Integration by parts of expansion

Consider the asymptotic expansion of the following integral as $x\rightarrow\infty$:

$$\int_{0}^{\pi} cos(xt)sin^{2}(t^2)dt.$$

I'm trying to compute as many terms as possible using integration by parts. I.e. performing integration by parts on this until it fails. The boundary terms then form an asymptotic expansion for the integral. However, when I do it myself, I'm finding that I can compute infinite terms--but this must be wrong. Can anyone show me how to do this?

Edit 1: This is problem 6.19(b) in the book by Bender and Orszag if anyone was curious.

Edit 2: I'm getting an answer that looks like:

$$\frac{sin(x\pi)sin(\pi^{2})}{x}+\frac{cos(x\pi)sin(\pi^{2})}{x^{2}}+\frac{sin(x\pi)sin(\pi^{2})}{x^{3}}+\cdots$$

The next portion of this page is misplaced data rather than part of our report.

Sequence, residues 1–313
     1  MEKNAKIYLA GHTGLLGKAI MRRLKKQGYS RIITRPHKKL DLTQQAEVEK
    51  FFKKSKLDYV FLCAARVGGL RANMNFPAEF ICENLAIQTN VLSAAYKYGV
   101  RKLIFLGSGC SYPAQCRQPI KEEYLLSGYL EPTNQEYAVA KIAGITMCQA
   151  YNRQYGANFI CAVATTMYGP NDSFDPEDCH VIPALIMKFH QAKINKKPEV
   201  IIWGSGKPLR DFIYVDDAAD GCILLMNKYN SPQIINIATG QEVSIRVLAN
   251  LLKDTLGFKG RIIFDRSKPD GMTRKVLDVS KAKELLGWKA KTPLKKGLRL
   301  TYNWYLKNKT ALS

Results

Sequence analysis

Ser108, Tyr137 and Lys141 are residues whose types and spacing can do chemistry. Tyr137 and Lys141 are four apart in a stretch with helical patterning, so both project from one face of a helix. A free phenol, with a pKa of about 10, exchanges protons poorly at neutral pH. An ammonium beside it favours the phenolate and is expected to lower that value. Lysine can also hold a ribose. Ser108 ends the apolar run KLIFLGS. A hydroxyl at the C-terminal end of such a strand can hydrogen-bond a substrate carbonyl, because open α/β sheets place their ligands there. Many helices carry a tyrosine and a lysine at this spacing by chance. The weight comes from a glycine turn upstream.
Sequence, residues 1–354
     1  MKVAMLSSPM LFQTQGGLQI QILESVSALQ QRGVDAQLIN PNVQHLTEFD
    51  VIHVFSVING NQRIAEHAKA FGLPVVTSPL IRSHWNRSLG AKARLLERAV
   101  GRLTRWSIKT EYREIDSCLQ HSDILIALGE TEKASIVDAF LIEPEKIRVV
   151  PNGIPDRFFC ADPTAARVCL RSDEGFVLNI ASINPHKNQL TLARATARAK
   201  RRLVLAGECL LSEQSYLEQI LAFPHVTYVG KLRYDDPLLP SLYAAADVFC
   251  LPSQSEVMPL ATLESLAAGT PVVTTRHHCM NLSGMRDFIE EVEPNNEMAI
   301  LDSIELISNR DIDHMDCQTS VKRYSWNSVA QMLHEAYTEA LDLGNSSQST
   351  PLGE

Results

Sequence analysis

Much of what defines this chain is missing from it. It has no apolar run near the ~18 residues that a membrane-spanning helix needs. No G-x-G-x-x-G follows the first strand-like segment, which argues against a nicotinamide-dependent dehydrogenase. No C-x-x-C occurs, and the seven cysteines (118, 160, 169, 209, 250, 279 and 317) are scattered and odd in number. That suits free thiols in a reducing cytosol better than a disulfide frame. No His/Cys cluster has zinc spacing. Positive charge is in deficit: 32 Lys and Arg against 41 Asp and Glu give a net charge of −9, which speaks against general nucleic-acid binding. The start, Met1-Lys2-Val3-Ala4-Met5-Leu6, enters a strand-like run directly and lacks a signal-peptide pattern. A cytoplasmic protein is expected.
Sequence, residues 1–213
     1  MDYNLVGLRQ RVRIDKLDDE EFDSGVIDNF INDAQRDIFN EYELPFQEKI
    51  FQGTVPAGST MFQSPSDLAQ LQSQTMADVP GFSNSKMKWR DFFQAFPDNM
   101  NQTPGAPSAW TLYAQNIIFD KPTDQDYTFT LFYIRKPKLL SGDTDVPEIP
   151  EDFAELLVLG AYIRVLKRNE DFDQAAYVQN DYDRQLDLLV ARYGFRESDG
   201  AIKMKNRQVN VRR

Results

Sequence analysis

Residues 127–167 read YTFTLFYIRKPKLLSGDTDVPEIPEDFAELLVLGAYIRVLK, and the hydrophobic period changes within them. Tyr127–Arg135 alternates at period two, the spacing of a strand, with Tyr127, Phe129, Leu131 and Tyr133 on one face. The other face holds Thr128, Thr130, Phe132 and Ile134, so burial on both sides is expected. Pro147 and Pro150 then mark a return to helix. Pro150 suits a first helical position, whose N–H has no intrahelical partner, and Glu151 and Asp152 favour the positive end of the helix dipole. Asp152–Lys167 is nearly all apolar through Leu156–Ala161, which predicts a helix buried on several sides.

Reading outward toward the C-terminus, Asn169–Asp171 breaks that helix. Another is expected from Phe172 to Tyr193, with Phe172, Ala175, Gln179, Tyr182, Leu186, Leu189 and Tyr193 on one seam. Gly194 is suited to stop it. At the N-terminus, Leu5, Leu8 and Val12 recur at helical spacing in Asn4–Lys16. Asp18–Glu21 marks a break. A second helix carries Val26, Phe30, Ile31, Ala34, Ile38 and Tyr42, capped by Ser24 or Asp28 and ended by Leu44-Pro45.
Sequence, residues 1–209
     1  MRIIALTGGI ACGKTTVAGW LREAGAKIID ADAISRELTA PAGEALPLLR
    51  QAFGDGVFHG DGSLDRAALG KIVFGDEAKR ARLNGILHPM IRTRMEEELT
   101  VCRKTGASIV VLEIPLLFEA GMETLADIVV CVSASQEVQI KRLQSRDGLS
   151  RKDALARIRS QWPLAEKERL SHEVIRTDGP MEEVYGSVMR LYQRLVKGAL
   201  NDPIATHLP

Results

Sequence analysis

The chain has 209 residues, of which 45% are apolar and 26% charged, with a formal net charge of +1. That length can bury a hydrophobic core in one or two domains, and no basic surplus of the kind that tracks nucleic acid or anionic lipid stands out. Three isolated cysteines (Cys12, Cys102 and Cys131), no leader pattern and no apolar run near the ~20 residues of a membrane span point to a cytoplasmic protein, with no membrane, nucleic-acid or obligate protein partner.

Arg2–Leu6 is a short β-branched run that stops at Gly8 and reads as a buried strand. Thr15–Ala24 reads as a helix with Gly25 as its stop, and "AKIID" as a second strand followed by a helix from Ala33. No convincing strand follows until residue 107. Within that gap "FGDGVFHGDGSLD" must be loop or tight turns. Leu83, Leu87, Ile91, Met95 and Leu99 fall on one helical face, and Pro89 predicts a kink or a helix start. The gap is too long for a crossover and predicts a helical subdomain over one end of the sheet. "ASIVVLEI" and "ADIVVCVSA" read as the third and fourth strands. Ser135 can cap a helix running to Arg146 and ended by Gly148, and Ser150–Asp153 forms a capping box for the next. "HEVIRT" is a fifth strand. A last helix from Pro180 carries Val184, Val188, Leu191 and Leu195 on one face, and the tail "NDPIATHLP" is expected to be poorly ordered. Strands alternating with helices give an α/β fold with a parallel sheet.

Is this reasonable? I'm not sure if I'm going wrong somewhere...

-
Indeed it would be weird if you could compute infinite terms, but on the assumption that you meant infinitely many terms: Why do you think you shouldn't be able to do that? – joriki Oct 28 '12 at 3:45
@joriki: Haha, good catch, that is indeed what I meant. The question asks me to actually compute the terms, not just say how many I can compute. I have a feeling it's a finite number, but I could be wrong. – Alex Oct 28 '12 at 3:47